Fieldwork Diary: October 3rd, 1881
Rain - and trouble. Mr. Tibbles not well. Rides back to Niobrara - says we must change our course and make Fort Randall.
I note that when anything is carried to the mouth, the elbow is crooked out. There is much swaying and movement - at times, evidently this is airy - One is displeased or putting on dignity. Much sudden laughter or giggle among women. The frowning and puckering of the face due, I fancy, to cooking and working over an open fire. The eyes often affected by the smoke.
Sitting on the ground makes them all stoop and the women get high shouldered as well as round-shouldered resting on their arms and working in that way; also having to bend under the slant of the tent. Everything indicates the individual standpoint without reference to organized society. Then moodiness [?] and unreasonableness is of this character. The necessity for privacy seems to me to first find expression in this manner. We gave it by separate apartments when we master ourselves, they by their moods, get displeased, go off into woods or retire into a sulkiness that insures their being let alone.
The language and their limitation are interesting, having no written language there is no accretion of intelligence. Nothing for the fairly gifted mind to react upon. Memory, individual observation, hearsay, superstition are all that is left for them to mould over. No wonder they do not progress. All is emotion, one way or the other.
Buffalo-chip and his wife are preparing kinikonick, niniga he, tobacco, ne-ne. Strip off the outer bark and then peel off the inner in thin shavings and then dry it by the fire. Wife chops it with a hatchet on a cloth - made from dogwood and willow.
The tents put up by women - three poles securely tied together a few feet from the top and set up at first a tripod. then in the forks the other poles are laid, their ends forced into the ground. The tent cover is cut circular and opens at one side where the flap is cut which forms the chimney. At the long hind peak a rope ties it to a pole, this pole set opposite the entrance and then the tent cover wrapped around on either side and pinned with sticks thrust through button holes. The entrance about three feet high.
Corn gathered in the hard milk, a little too hard for our cooking but not ripe, then pull back the husk, and braid the husk and stalk and dry it. When they eat it they thrust a sharp stick down the cob, hold it on the coals and roast it. Corn has dark kernels on it, known as "squaw corn".
Buffalo-chip claims the antiquity of the corn. Says his grandmother planted it long, long before the white men came.
To make black skin for moccasins, a peculiar clay found in Santee Reservation. Take maple and make a tea from the bark, mix it with the peculiar clay which is black and dye the skin - These are very handsome embroidered in bright colors.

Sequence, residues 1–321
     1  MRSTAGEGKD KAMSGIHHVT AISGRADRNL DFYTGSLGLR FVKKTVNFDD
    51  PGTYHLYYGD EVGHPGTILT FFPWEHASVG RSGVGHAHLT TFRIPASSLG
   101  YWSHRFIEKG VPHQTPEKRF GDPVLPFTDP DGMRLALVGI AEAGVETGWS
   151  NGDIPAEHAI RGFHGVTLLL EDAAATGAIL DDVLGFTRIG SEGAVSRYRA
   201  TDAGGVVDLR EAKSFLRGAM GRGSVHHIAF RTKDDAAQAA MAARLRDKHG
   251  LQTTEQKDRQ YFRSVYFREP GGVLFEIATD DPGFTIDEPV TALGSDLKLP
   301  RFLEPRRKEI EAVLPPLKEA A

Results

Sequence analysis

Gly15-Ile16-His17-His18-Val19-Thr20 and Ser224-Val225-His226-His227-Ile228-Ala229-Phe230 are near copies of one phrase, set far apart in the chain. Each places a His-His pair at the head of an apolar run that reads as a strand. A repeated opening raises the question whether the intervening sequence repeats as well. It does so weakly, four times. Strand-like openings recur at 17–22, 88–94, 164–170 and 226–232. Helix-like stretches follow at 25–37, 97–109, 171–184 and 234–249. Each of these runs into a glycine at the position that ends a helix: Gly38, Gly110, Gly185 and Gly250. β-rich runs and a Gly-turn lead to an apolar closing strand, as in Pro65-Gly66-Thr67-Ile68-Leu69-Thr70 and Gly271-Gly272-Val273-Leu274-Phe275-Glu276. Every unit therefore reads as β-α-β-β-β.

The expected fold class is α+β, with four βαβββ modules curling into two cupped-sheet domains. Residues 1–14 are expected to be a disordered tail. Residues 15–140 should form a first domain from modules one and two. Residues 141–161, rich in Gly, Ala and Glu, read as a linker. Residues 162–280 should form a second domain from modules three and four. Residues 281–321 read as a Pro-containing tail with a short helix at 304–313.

To make yellow dye for skin - Take sumach [sic] and corn cobs, put these in pits, let them smug and smoke, put the skin in folded as a pillow case.
It took twenty buffalo skins for an ordinary tent. Poor folk had to put with ten. Big bugs used thirty.
These Indians always took their crotch stick when they broke camp. When they made a fine tent, they stripped the bark in bands and the same with the tent pins.
Gave Buffalo-chip and Wajapa first lesson in writing figures. They wrote fine - 1 to 10 doing each figure several times, calling the names in Omaha, and then writing them. It took the better part of an hour. Wajapa very tired and much surprised. Learned his first lesson in the fatigue of head work.
Told stories in the evening - Buffalo-chip of a visit to Apachie [sic]. He and party approached their camp, pipes in hand, as they had to stand still, extended. Soon all was stir, horses were being lured, people pulling feathers &c., and then led by a woman the people issued out on horseback, circled round and round, Buffalo-chips party yelling. "It sounded like thunder" he said. The duet rose in clouds - This went on for some time, while Buffalo-chips party must stand still holding the pipes or else be killed if they flinched. After a while a man rode out of the flying line and ordered a halt, then they came forward and entertained their much tried guests. These people offered Buffalo-chip a horse, but he would not accept it. "Did not want to make friends with such people".
The women wore but little dress. S. told of a tribe in the Rocky Mountains where her mother and grandmother went with her father to visit. As they approached the camp some men came forward and after saluting laid down two buffalo skins, the mother got in one, grandmother on the other, four men took each skin by the corner and carried them and laid the skin down by the door of the tent so that they entered without stepping on the ground.
Mr. T. told a horse trading story. Wajapa said he would like to trade off Standing Bears horse for stiff necked one at Spotted Tails. Rain all day and Eve. - A strange, memorable day in many respects.
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